Spending as a percentage of GDP does not really tell us anything. It is basically a number politicians throw around that sounds impressive. Spending as a percentage of government tax revenues is more meaningful for the US. For the Soviets we would probably need to look at what percentage of their hard currency went into defense spending because for them domestic expenditure was largely a shell game and it was only their hard currency revenues that affected their overall budget. Of course, the Soviets generated much of their Hard Currency through weapons sales and so it would have to be further broken down into hard currency revenue and then what percent of hard currency actually spent on weapons went to spending for weapons used by the Soviet military itself. It would probably also be useful to look at how much hard currency went into spending for their research base as most of their computers and precision machinery was also purchased in the west and even though it was a capital and not a recurring expenditure every dollar of hard currency spent reduced their resources for weapons spending even more.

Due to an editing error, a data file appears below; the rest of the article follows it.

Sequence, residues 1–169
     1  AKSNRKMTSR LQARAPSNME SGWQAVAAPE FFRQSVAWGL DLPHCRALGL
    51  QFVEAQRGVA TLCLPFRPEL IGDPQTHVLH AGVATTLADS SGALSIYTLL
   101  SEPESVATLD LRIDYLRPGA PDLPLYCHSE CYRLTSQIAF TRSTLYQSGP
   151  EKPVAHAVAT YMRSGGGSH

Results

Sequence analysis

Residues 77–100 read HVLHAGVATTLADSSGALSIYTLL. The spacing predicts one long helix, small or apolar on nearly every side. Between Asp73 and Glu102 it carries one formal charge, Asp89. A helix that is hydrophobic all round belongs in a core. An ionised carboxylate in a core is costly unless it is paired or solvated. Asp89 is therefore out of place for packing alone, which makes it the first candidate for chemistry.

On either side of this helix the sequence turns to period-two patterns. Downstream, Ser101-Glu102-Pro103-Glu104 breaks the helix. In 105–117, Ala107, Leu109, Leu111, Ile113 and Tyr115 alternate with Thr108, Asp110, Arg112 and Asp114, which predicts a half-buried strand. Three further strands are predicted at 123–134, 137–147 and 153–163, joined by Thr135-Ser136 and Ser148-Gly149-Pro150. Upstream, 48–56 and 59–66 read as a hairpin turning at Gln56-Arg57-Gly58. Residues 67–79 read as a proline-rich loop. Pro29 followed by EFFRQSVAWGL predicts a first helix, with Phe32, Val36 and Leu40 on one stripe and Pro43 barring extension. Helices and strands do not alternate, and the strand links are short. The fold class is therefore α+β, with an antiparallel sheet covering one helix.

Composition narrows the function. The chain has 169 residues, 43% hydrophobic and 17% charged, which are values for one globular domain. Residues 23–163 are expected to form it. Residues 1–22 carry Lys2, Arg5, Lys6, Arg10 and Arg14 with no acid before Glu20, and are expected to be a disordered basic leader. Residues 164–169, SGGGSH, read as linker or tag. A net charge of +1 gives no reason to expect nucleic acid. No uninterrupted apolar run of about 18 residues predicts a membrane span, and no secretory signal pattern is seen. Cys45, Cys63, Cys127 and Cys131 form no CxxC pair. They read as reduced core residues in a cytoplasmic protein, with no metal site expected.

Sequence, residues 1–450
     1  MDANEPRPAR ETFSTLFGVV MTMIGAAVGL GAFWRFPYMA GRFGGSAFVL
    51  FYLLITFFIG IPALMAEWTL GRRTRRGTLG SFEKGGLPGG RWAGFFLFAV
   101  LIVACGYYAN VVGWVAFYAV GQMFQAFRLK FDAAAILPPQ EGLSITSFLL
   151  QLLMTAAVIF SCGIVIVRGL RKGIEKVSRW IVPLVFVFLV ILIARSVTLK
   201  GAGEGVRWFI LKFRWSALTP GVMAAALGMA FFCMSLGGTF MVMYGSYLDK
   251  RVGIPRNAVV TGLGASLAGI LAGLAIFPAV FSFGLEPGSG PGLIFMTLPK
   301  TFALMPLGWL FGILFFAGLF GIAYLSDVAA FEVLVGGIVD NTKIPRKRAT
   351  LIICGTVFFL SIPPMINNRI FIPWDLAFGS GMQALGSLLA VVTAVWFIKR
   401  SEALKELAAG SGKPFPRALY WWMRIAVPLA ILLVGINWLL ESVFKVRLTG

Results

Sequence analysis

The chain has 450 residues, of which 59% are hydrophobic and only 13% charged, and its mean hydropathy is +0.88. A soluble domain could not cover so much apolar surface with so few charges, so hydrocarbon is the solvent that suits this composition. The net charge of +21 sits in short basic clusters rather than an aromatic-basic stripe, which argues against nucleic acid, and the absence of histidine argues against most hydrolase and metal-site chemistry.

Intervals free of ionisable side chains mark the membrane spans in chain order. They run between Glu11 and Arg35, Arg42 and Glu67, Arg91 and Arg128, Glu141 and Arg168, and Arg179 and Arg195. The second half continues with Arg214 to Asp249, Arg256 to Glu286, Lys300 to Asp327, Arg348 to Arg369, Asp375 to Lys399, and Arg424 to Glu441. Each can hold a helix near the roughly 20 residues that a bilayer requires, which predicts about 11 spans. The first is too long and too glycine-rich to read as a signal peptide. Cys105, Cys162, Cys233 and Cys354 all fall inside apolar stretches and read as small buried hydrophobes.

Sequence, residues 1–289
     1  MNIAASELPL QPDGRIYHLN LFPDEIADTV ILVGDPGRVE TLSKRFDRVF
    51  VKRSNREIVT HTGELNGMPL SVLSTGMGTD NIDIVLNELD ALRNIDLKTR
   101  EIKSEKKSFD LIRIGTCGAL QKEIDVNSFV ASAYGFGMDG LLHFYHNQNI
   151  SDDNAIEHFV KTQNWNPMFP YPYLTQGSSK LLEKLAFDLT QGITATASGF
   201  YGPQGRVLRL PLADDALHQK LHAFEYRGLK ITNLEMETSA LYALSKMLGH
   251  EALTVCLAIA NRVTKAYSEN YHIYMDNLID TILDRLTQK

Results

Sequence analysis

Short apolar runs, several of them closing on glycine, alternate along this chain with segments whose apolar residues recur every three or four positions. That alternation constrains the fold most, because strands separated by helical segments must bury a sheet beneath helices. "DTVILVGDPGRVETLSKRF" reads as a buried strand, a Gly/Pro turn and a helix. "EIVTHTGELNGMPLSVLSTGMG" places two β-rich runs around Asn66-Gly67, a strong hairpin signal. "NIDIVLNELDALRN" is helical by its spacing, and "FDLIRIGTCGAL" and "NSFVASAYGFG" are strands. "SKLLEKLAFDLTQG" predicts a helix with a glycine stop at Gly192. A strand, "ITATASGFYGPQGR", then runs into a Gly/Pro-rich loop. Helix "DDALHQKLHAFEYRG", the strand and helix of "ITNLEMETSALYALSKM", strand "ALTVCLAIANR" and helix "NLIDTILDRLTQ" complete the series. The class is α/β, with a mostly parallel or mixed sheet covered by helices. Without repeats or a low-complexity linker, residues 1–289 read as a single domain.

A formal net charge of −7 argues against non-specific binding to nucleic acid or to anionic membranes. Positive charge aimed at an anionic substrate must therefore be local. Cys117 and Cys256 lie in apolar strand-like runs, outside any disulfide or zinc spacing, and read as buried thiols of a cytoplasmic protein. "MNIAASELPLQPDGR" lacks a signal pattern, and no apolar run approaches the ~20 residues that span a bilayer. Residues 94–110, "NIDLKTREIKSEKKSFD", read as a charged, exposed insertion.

Analyzing the Soviet economy is even more difficult than analyzing the US economy because there were many costs that were never enumerated into dollar or ruble terms. There are many factors that brought the USSR down, and spending was surely one of them.